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Gandara has big first day for Raiders, who are in fifth
PRESCOTT VALLEY — There were at least two times Thursday it seemed Andy Gandara would fall short of the 120-pound title in the Division I State Wrestling Championships at Tim's Toyota Center.
Once was when he was screaming in agony on the mat in his quarterfinal match. The other was when he was losing in the final seconds of the his semifinal.
He won them both.
Coach Mike Jankowski said it was one of the few bright spots for Cibola, which entered with title hopes but finished the first day in fifth, 33 points behind first-place Chandler. Chandler won the tournament by 1.5 points over Cibola last year.
Two Raiders, Gandara and Luis Nunez at 132, are a win away from a gold medal. Two wrestlers lost semifinals, defending state champion Pierre Gaud and Vicente Guerrero, both of whom are guaranteed medals. And although seven Raiders made the consolation quarters, only Josh Olsen and Sergio Contreras are still in medal contention, needing one more win to secure at least sixth.
But whatever happens today, Gandara was a bright spot Thursday.
“I don't even have words for it right now,” Gandara said. “It's about hard work, dedication and a lot of God. All I want is for him to help me in that finals match.”
In his quarterfinal, he re-injured his shoulder and was lying on his stomach on the mat in clear pain. But he recovered quick and got a third-period takedown for a 4-2 win.
Then came the semifinal against Arch Ratliff. He was down 5-2 late, but got his first escape late in the third. Desperate for a takedown, he knocked Ratliff to the mat as time expired. The main referee waived off the takedown, but after conferring with the secondary ref awarded Gandara the tying points. His takedown in overtime came in similar fashion, on the line at the buzzer.
The sophomore said there was only one point he thought he would fall short of his goal of a state title, and it was when he was hurt in the quarters.
“It happened in the quarterfinals,” Gandara said. “It's not that I didn't think I couldn't win a championship. It was just tough cause in my head I kept thinking I have to win it. In the semifinal, in the first and second period when he rode me down, that brought me down a little. But I had support, my family, my friends, my dad and mom, I knew I had to win it.”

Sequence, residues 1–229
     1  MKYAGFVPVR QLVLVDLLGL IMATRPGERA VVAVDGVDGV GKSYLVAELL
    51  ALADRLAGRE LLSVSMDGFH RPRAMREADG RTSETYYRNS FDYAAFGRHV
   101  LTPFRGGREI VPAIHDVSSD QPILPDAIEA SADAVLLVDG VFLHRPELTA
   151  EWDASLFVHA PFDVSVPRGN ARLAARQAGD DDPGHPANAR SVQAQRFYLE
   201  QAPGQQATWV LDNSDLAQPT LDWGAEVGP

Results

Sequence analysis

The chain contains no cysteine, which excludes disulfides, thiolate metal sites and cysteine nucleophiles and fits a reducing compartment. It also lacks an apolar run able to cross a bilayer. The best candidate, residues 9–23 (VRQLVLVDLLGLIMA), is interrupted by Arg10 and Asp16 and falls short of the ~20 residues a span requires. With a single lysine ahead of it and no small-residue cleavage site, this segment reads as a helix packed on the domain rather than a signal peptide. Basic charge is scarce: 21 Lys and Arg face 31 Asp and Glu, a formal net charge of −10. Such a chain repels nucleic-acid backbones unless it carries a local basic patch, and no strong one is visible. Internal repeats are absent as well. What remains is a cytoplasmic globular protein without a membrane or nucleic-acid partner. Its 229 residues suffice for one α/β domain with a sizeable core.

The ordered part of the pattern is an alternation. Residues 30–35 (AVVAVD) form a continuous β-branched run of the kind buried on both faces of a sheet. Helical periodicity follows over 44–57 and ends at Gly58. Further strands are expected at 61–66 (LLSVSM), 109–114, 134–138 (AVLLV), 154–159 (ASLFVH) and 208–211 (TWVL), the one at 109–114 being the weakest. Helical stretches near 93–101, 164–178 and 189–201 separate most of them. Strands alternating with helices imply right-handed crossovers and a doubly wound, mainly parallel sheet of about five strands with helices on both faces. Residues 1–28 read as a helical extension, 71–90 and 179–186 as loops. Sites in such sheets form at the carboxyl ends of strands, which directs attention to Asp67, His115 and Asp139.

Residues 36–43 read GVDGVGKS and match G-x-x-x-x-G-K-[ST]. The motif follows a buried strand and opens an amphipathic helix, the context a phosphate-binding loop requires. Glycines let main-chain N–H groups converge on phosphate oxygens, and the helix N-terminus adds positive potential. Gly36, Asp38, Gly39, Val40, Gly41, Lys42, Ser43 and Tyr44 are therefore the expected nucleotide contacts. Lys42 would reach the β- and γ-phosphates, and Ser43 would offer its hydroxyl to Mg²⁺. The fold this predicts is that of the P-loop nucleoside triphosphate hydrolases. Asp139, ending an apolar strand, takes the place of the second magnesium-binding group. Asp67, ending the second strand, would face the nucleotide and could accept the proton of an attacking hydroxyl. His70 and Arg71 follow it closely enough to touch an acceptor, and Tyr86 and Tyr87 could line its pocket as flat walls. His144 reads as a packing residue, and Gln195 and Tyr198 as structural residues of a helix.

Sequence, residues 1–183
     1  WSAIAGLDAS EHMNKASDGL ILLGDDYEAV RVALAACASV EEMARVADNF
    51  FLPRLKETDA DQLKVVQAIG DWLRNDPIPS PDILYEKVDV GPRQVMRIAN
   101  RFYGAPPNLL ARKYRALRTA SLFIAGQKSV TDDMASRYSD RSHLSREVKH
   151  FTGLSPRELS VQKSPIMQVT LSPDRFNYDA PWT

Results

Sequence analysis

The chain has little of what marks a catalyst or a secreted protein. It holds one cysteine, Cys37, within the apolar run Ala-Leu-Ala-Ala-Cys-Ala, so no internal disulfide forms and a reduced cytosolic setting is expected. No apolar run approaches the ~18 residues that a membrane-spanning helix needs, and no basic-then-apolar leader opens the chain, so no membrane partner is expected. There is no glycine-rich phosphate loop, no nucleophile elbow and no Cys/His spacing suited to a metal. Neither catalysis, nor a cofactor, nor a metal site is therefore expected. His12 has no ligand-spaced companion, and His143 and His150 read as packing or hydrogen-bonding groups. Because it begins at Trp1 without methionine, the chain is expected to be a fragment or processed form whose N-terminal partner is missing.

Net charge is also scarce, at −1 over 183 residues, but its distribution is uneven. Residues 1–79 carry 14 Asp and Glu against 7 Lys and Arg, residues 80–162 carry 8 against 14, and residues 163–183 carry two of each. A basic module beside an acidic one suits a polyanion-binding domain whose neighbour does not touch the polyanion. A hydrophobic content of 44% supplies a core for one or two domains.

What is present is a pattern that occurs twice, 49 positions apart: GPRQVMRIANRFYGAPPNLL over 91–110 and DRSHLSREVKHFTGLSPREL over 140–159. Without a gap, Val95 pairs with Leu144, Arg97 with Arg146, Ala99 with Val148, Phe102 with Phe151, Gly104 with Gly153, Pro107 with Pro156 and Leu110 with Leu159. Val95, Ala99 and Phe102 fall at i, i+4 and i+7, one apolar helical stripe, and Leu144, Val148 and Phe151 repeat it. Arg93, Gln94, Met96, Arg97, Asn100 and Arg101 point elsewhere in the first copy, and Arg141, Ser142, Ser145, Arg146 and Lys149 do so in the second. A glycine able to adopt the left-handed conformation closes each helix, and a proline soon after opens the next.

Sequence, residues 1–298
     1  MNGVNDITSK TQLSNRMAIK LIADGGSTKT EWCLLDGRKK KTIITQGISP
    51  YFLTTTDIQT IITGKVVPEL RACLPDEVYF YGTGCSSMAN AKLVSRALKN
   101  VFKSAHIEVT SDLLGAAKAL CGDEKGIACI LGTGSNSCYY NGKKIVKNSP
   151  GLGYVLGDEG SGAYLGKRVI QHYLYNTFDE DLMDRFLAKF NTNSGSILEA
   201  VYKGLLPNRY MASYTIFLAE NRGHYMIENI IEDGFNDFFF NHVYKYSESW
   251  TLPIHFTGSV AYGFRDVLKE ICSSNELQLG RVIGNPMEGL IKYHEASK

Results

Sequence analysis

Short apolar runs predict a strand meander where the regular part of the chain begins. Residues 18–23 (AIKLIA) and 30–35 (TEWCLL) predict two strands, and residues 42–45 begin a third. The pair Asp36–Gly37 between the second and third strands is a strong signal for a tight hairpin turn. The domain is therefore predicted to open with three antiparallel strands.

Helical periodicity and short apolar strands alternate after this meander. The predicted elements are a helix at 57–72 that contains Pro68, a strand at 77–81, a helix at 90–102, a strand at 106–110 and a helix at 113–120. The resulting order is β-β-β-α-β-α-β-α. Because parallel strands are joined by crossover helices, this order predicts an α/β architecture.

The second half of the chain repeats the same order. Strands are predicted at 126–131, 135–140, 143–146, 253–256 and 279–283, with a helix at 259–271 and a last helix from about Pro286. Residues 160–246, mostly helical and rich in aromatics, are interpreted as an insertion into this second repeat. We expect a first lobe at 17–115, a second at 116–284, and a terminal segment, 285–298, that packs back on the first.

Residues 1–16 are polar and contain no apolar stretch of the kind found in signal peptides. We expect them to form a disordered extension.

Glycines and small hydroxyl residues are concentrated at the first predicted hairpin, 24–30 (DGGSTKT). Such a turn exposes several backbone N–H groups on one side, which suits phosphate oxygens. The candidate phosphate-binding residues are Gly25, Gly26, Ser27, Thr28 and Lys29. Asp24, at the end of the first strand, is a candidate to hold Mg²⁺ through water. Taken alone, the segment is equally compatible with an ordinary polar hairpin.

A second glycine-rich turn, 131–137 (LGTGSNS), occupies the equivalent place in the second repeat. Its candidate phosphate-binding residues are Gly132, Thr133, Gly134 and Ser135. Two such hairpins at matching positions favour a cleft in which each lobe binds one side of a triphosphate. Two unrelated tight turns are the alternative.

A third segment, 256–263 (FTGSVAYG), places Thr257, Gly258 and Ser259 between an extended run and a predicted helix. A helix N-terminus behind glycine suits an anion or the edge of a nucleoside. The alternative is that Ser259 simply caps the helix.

Jankowksi said it wasn't a coincidence Gandara and Nunez were left in the finals.
“You look at our two hardest workers in the room, it's Andy and Luis,” Jankowski said. “Hard work pays off, and it paid of today for those two guys.”
Gaud led his semifinal 3-2 in the last minute, but suffered a late takedown and couldn't escape to force overtime.
“That's a heartbreaker for the team and him,” Jankowski said. “He's the returning state champ and that's one thing he had on his mind all year long. He wanted to become the first three-timer, and now that's gone. But he's got to move forward, come back as a senior and take care of it next year.”
In one of the early rounds, Cibola wrestler Mark Cruz became a “distraction” according to Jankowski and was ejected from the tournament.
“There were a couple calls that were questionable calls in his match,” Jankowski said. “Then he did something I've never, ever seen before in a sporting event ever in my life. He went up into the stands and addressed a different coach. It's something we never want to see. It's not what any team or any sport is ever about.”
So despite the disappointment, Jankowski said the team isn't done yet.
“We are still going to battle until the bitter end,” Jankowski said. “That's the way we've always been and that's what we preach to the guys. .. .Everything was right in front of us today. We just didn't take advantage.”
The only other Division I wrestler alive for a medal is Carlos Urquijo, the San Luis 220-pounder. After losing 9-4 to a wrestler he beat in sectional, he won his next two matches. He needs one more win to guarantee a medal.
“He lost to a kid he lost to in sectionals,” coach Rob Jankowski said. “Enough said. I think he was just thinking to much.”